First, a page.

However limited your room size, use this guide to find out how careful planning of the layout, storage, appliances and cabinetry can ensure you achieve the kitchen space you want.
Having a small kitchen doesn’t mean that you need to compromise on style. Clever cabinetry choices and judicious use of space can both help to create a kitchen that suits your requirements. U-shaped, L-shaped and galley designs will all make the most of a small area.
Image above: The galley-style run of cabinets on either side of this kitchen combines storage, worktop space and integrated appliances in the full-height units. An overhanging worktop at one end combines work space with a small breakfast bar, perfect for casual dining and compact bar stools. Cooke & Lewis Appleby high-gloss kitchen in cream, £2,718, B&Q
‘The key question is what you need – is it extra storage, more appliances, or dining space perhaps? This should lead your approach to the rest of the kitchen design and what to include and exclude,’ says Clotilde Passalacqua, interior design leader at Ikea UK and Ireland. If there’s room, it’s a good idea to include a breakfast bar, so that there’s somewhere for guests or children to perch outside the working kitchen area.
Above left: Elegance and functionality come together beautifully in this compact handmade kitchen. Pale-coloured wall units help to maintain a sense of space, and the glazed ceiling lantern brings in much-needed light. Visual tricks, such as the reflective glass splashback, long drawers beneath the hob and the unfussy wall-to-ceiling cabinetry on the right work together to make this small space big on style. The Real Shaker kitchen, from £8,000, DeVol
Above right: In a galley layout, where space between the units is tight, handleless cabinetry comes into its own. In this design, the simple flat-fronted drawers of the base cabinets create a linear effect that gives the illusion of length. Modulnova Fly kitchen in Bianco Snow, from £25,000, DesignSpace London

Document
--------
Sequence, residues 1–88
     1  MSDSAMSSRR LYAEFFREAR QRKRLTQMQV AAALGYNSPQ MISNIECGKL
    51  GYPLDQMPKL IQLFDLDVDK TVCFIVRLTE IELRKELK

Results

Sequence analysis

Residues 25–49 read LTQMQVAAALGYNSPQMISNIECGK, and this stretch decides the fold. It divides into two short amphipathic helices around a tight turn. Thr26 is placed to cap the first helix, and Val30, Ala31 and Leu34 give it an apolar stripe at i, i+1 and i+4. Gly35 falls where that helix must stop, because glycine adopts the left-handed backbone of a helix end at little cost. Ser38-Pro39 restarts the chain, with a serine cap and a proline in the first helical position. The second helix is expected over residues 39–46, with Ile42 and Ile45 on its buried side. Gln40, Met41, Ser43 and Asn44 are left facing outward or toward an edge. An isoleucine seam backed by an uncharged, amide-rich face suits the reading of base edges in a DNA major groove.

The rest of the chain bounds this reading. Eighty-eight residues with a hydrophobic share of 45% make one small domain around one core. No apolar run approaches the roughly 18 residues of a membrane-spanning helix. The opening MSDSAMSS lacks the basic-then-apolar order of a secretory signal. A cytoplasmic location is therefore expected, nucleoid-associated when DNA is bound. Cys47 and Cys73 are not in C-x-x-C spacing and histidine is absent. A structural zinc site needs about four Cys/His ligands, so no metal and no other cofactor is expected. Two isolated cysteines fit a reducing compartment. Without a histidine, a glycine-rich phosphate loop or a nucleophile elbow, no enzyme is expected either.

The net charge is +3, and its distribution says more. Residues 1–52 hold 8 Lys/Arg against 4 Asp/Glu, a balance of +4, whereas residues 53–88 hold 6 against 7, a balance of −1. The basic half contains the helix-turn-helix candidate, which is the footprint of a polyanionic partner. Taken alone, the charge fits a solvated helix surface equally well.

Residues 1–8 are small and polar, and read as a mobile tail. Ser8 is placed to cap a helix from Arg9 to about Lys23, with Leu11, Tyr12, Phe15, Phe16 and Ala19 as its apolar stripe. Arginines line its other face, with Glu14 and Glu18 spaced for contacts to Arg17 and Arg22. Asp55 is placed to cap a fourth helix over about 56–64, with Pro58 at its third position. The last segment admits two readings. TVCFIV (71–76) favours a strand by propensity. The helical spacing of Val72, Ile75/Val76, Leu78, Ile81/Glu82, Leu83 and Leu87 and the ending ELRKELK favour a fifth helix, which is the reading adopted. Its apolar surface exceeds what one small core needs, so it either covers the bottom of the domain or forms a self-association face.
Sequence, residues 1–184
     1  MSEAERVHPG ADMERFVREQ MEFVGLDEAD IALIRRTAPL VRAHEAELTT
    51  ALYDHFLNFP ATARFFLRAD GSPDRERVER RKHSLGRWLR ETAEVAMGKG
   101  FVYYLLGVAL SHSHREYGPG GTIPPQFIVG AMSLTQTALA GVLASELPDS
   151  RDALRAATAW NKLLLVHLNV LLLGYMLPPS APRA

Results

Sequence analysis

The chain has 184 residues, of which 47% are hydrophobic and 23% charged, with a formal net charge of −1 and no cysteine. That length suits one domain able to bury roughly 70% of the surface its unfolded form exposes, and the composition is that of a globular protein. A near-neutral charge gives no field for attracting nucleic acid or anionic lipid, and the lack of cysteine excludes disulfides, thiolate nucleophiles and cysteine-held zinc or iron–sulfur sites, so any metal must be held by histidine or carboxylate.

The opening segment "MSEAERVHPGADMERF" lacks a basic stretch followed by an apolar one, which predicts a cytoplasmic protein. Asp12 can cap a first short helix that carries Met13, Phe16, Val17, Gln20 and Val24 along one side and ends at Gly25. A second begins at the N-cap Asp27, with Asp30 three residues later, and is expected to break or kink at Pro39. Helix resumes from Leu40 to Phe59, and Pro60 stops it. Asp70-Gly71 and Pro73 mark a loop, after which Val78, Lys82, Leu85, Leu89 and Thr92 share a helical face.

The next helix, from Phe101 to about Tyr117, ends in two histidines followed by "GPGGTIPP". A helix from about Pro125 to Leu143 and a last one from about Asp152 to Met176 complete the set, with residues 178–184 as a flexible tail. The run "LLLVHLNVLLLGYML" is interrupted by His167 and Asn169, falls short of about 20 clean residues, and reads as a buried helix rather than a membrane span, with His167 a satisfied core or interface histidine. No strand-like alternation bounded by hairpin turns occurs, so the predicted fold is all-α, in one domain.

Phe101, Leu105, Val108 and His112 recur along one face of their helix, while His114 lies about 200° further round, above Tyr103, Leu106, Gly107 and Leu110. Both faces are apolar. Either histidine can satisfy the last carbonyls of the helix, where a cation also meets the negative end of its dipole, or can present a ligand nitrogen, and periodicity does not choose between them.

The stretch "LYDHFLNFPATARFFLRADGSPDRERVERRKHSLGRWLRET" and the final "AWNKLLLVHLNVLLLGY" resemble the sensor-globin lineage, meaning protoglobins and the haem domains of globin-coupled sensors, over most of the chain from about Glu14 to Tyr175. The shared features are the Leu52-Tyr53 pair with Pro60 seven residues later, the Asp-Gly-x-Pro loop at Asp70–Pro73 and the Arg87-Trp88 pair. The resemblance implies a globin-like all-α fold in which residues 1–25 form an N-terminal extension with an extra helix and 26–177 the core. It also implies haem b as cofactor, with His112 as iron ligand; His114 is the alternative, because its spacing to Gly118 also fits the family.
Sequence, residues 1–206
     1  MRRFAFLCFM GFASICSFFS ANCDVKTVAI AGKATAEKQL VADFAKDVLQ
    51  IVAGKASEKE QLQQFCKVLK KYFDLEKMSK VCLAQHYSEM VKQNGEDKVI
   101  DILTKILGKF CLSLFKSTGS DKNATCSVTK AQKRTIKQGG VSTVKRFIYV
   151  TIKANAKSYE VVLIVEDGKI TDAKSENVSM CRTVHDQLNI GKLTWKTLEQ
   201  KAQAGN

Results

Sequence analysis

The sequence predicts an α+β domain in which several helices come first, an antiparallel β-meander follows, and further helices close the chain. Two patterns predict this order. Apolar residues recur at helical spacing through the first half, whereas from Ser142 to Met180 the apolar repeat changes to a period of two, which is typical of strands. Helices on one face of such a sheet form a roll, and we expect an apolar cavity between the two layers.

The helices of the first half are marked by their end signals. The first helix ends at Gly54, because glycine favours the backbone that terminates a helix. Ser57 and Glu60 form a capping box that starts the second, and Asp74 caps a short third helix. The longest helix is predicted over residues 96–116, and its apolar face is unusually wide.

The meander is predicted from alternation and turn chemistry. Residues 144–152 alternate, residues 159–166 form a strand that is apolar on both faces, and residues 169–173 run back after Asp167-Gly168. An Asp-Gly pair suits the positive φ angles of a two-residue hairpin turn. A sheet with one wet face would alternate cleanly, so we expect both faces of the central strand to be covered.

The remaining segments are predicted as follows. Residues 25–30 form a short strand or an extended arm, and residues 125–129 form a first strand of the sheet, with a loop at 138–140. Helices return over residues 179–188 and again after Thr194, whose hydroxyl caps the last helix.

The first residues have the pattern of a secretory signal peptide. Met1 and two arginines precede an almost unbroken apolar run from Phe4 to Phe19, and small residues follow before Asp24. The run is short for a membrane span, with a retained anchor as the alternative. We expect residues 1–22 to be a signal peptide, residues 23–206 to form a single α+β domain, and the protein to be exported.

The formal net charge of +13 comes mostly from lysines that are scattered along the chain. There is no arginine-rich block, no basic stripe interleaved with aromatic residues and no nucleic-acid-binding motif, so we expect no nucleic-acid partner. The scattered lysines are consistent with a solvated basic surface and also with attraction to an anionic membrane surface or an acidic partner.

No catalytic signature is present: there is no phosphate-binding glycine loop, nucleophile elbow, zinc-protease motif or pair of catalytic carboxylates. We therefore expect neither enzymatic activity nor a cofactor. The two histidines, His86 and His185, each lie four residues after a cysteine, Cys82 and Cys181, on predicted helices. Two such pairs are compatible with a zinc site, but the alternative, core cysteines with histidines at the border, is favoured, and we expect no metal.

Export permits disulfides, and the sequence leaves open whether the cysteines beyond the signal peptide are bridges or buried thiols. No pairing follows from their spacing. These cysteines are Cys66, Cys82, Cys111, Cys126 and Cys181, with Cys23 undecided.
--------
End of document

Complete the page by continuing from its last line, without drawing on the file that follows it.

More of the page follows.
Cabinetry colours and materials
The lighter and simpler the cabinetry, the better. It’s a good idea to use pale colours and glossy reflective materials to bounce light around the room but, if you want a dark finish, try to use it on the base units only and fill the walls with open shelving or use a lighter shade for the wall cabinets. Be careful not to build up cabinetry next to windows, as blocking out natural light will only serve to make the room feel more cramped and dark. Positioning lighting carefully – particularly in working areas – will help to make the space feel more open.
It’s best to avoid cabinetry with fussy detailing and stick to simple Shaker or flat-fronted laminates. If you have a narrow double galley, make sure there’s enough space to open cabinets or appliances without bashing the doors of the units opposite – a gap of at least 90cm to one metre is advisable. Take care with your choice of handles, too, as protruding handles could end up catching clothes as you walk past if they are too big for the space. Bespoke cabinetry really comes into its own in a compact kitchen as it can be designed specifically to fit your room. Think about having narrower base cabinets on one side of a double galley for instance, or tall wall units that reach all the way to the ceiling, providing you with additional storage space.
Image above: Good storage, such as this spice and utensil store, can make or break a kitchen, and is especially important in a small kitchen. Corner LeMans units, tambour door cabinets on the work surfaces and segmented utensil drawers all contribute to a well ordered design. Kitchens from Siematic cost from £20,000